If you're experiencing a bit of deja vu right now, don't fret. The LG Thrive does look exactly like the Android phones, and looks and feels a lot like the rest of its affordable cousins.--they're actually the same phone, except that the LG Phoenix is available paid from , while the Thrive is strictly a prepaid handset. This means the Thrive is yet another addition to the LG Optimus line of entry-level
The LG Thrive is also the first smartphone available for AT&T's GoPhone prepaid service. Other prepaid Optimus phones include theand the , but the Thrive is the first GSM model to be offered prepaid. It does require a GoPhone smartphone data package--$25 for 500MB, $15 for 100MB, or $5 for 10MB--which doesn't seem like a lot of data. You might want different prepaid phone like the LG Optimus V if you want to save money on data. Still, for an entry-level product, we think the Thrive is a good start for those who want to try out an Android phone without spending a lot of money. The LG Thrive is available for $179.99 without a contract.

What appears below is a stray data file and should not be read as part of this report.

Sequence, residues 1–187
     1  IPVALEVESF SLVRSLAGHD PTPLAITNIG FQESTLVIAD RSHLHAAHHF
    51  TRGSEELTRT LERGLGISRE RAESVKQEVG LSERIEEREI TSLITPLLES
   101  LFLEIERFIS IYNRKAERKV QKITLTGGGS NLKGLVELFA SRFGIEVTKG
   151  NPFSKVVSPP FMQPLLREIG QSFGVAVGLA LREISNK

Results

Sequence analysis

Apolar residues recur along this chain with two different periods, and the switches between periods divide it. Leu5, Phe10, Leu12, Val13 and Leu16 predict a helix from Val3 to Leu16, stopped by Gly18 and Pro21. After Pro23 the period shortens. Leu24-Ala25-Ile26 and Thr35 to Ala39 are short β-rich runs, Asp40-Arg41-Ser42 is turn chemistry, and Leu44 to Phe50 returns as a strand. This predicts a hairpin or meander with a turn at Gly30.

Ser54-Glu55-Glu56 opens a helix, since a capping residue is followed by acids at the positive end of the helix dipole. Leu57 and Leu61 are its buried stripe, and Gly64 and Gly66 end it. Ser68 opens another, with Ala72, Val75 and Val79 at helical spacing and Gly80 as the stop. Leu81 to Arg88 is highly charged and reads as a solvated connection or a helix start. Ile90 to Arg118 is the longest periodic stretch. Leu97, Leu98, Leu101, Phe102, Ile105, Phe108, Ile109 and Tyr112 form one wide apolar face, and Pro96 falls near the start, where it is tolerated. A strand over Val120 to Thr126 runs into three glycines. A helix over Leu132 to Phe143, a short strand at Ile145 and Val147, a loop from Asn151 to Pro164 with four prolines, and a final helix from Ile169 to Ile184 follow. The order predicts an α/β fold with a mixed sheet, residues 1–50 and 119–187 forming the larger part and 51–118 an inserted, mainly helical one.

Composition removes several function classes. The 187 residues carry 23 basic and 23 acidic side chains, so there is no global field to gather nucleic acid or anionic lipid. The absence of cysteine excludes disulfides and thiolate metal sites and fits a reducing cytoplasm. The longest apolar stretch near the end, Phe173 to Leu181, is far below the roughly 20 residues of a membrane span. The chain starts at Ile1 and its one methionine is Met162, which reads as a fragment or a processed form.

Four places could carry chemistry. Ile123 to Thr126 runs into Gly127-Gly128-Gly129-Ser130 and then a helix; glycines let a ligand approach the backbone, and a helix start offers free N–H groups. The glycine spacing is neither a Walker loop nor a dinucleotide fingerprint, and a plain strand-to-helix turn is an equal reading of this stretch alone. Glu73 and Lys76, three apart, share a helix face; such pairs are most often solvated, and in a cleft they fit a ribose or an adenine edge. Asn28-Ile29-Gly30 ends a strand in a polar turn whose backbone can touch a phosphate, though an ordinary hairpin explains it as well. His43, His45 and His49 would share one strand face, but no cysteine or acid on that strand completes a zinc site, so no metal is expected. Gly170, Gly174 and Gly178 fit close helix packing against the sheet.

As the LG Thrive is the same exact phone as the LG Phoenix, we'll point you tofor most of the design and feature details; for this review, we'll focus mostly on performance. The only exception is that the LG Thrive does not have mobile hot-spot capabilities or data tethering support, while the Phoenix does.
We tested the LG Thrive in San Francisco with AT&T Wireless. Call quality was decent, though it wasn't perfect. We heard our callers clearly; their voices were loud without being blown out. We couldn't escape the occasional static, however.
LG Thrive call quality sample